Arts and Crafts Homes - - CONTENTS - by Mary Ellen Pol­son

The back­splash tile pro­gres­sion.

early 20th-cen­tury kitchens were cen­ters of in­no­va­tion, equipped with such tech­no­log­i­cal ad­vances as plumbed sinks, elec­tric ranges, ice­boxes, even toast­ers. Walls were no ex­cep­tion: as part of a clean­li­ness ini­tia­tive known as the san­i­tary move­ment, the era’s upand-com­ers pre­ferred ei­ther plain or scored white plas­ter or, when they could af­ford it, tightly grouted, creamy white sub­way tile laid in a run­ning-bond pat­tern, es­pe­cially be­hind the range and any built-in work­tops.

Tile also made a splash on coun­ter­tops. Most early tile coun­ters were fin­ished in matte off-white hexag­o­nal tile— 1", 2", or 3" widths were com­mon—or slightly larger square tiles ei­ther laid straight or on the di­ag­o­nal. As an al­ter­na­tive to 3" x 6" sub­way tile, the same or a co­or­di­nat­ing tile pat­tern often con­tin­ued up the wall.

By the late ’teens, col­ored hex tiles popped up in oth­er­wise white in­stal­la­tions. Soon after, tiles in pas­tel hues (green, yel­low, blue, peach, pink, and tan) were in­tro­duced. These more col­or­ful coun­ters and back­splashes were typ­i­cally edged with box-cap tiles on the counter and border tiles on the back­splash.

Black was a fa­vorite for edg­ing, as were con­trast­ing col­ors. For ex­tra piz­zazz, tile­set­ters might add a nar­row ac­cent or fea­ture strip in the same ac­cent color as the edg­ing about two-thirds of the way up the back­splash.

Few of these in­stal­la­tions, of course, were done with hand­made art tile. That be­gan to change in high-style in­stal­la­tions in the late 1920s, when the art-tile move­ment reached its peak—a per­ilously short pe­riod, given the en­su­ing stock­mar­ket crash of 1929. Art pot­ter­ies around the coun­try thrived, from Mercer’s Mo­ra­vian Tile Works in Doylestown, Penn­syl­va­nia, to Rook­wood in Cincin­nati and Pewabic in Detroit (all three still work­ing). The most di­verse and vi­brant of the pe­riod’s art-tile in­stal­la­tions, though, were found in Cal­i­for­nia and the West, where the tile tra­di­tion that be­gan in Ernest Batchelder’s back­yard in 1910 had ex­ploded.

In­flu­enced by ev­ery­thing from Cal­i­for­nia’s Span­ish Colo­nial past to re­cent dis­cov­er­ies of Mayan ar­chi­tec­ture, dozens of pot­ter­ies turned out an as­ton­ish­ing ar­ray of art tile. Two dis­tinc­tive looks emerged: the thick re­lief tiles in muted col­ors as­so­ci­ated with Batchelder and the Arts & Crafts move­ment, and tiles in the His­pano–Moresque tra­di­tion, pro­duced by Mal­ibu Pot­ter­ies and half a dozen oth­ers.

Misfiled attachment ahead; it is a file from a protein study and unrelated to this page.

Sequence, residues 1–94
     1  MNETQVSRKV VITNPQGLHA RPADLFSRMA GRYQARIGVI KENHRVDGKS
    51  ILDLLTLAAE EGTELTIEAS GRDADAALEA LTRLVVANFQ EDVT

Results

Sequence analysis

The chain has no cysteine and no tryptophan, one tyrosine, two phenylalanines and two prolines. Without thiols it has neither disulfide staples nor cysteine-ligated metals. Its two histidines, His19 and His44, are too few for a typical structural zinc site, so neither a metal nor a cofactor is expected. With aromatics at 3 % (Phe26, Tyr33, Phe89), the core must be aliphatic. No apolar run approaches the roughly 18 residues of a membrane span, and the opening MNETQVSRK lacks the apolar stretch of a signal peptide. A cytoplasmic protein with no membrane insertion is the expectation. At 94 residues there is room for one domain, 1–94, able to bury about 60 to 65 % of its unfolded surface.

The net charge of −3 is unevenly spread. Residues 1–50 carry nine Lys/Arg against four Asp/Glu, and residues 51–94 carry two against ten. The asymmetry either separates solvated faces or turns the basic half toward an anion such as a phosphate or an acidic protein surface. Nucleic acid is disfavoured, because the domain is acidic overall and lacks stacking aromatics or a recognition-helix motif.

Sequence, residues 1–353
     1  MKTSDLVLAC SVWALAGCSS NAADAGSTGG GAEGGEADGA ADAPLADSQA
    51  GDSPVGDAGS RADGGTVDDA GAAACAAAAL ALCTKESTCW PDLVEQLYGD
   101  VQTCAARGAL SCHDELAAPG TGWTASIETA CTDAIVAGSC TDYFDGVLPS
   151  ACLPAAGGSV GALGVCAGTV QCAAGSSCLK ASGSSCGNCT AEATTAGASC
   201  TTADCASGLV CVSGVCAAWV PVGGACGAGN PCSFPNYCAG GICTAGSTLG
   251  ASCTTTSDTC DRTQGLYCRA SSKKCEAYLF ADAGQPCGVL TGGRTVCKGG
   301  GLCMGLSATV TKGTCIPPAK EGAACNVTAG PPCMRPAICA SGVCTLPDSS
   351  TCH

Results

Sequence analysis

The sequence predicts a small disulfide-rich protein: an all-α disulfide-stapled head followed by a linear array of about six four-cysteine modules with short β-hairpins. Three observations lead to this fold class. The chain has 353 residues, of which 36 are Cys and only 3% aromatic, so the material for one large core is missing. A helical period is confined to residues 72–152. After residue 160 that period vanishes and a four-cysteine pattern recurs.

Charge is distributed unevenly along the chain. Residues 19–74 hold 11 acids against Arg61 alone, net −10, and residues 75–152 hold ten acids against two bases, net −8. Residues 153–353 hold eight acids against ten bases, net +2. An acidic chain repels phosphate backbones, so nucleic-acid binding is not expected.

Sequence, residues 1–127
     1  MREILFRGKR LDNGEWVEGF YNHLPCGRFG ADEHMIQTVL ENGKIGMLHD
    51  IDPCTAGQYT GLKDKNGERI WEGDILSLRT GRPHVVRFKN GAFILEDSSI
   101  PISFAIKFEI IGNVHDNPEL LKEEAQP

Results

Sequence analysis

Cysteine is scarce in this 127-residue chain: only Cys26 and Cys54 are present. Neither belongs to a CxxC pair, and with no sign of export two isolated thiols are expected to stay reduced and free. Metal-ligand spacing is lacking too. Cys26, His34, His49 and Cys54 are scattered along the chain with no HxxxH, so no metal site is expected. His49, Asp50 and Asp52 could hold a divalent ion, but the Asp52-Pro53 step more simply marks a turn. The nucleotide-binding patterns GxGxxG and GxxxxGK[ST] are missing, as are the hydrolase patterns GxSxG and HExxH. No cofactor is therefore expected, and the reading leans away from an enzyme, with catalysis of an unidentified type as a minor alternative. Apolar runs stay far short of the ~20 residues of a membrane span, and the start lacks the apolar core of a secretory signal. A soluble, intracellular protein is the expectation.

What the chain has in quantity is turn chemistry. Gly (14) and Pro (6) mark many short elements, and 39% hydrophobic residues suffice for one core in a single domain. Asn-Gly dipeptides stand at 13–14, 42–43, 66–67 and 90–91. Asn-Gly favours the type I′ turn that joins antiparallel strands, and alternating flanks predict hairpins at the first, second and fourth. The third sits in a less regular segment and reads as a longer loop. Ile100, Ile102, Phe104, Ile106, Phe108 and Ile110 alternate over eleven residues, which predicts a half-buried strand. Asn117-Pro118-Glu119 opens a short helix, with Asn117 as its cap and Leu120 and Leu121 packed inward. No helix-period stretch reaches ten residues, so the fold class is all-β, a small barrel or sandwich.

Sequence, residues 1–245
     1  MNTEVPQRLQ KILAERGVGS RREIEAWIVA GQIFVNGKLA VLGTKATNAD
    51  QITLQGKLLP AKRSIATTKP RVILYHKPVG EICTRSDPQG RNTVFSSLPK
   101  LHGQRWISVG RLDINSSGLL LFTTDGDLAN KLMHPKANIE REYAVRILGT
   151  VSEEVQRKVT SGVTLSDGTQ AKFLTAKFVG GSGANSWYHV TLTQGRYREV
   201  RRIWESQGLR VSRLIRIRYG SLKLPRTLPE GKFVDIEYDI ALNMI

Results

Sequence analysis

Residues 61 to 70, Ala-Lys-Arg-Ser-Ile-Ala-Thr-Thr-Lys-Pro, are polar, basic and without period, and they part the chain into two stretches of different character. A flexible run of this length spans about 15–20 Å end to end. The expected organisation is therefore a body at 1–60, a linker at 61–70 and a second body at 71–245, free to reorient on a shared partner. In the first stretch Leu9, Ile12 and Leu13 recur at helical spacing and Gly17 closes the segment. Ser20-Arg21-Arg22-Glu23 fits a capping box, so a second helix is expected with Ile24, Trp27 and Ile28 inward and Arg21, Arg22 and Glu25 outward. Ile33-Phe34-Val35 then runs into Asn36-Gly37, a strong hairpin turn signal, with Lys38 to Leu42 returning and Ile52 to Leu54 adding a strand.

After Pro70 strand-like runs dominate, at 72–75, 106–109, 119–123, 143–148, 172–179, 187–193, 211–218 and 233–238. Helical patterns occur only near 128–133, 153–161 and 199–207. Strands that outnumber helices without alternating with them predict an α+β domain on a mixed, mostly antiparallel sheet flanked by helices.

The sig­na­ture piece of the matte and slip-glazed Batchelder genre was the scenic tile. Some­times as large as 8" x 16", scen­ics were ideal cen­ter­pieces and quite nat­u­rally made ex­cel­lent ac­cents for back­splashes. In con­trast, the His­pano-Moresque style was a na­tive re­sponse to cheaper Tu­nisian and Span­ish im­ports then flood­ing the mar­ket. Flo­ral and geo­met­ric tiles glazed in mul­ti­ple bright col­ors lent them­selves to in­ter­lock­ing pat­terns that could cover an en­tire floor or wall, or

act as bright ac­cents in­ter­spersed among field tile.

While al­most ev­ery his­toric tile­maker work­ing in those tra­di­tions is long gone, the art tile move­ment of re­cent years ar­guably is mak­ing up for the loss. And just as kitchens have long since evolved from util­i­tar­ian spa­ces for ser­vants to the heart of fam­ily life, the art tile pro­duced for kitchen and bath walls to­day is well suited to mod­ern lifestyles, with­out com­pro­mis­ing the au­then­tic­ity of the craft.

Want to cre­ate an au­then­tic pe­riod-look tile counter and back­splash, ca. 1925, or an over-the-top His­pano–Moresque kitchen wall treat­ment? Na­tive Tile & Ce­ram­ics has you cov­ered. Or per­haps you pre­fer a back­splash made in the Batchelder style, with one per­fect “scenic” tile as a fo­cal point. Cha-Rie Tang of Pasadena Crafts­man Tile of­fers tiles slip­cast from au­then­tic Batchelder orig­i­nals, as well as orig­i­nal de­signs in the same style. Still other tile mak­ers—in­clud­ing those shown on these pages—con­tinue to ex­pand the bound­aries of the move­ment by cre­at­ing new ar­ti­sanal work that’s in­stantly iden­ti­fi­able as Arts & Crafts, yet un­mis­tak­able as to maker, car­ry­ing on a tra­di­tion as old as the Arts & Crafts move­ment it­self. a

be­low Fa­mil­iar pat­terns from the past from Li­ly­work Tile dis­play the vari­a­tions and im­per­fec­tions of hand­made tile. right Her­ring­bone tile from Mis­sion Tile West is a mod­ern in­ter­pre­ta­tion of the white tile back­splash.

left The sculp­tural look of Weaver Tile re­sults from hand-press­ing the clay into a mold. Deco re­lief tiles are scraped, then given a high­light glaze. be­low Like the mak­ers of Arts & Crafts-era tile, the Cargiles of Terra Firma Art Tile draw in­spi­ra­tion...

above Clay Squared to In­fin­ity’s ‘Aquila’ pat­tern gets its sense of rhythm from four dis­tinct sizes of field tile, punc­tu­ated with ‘Cos­mic Cloud’ ac­cent tiles.

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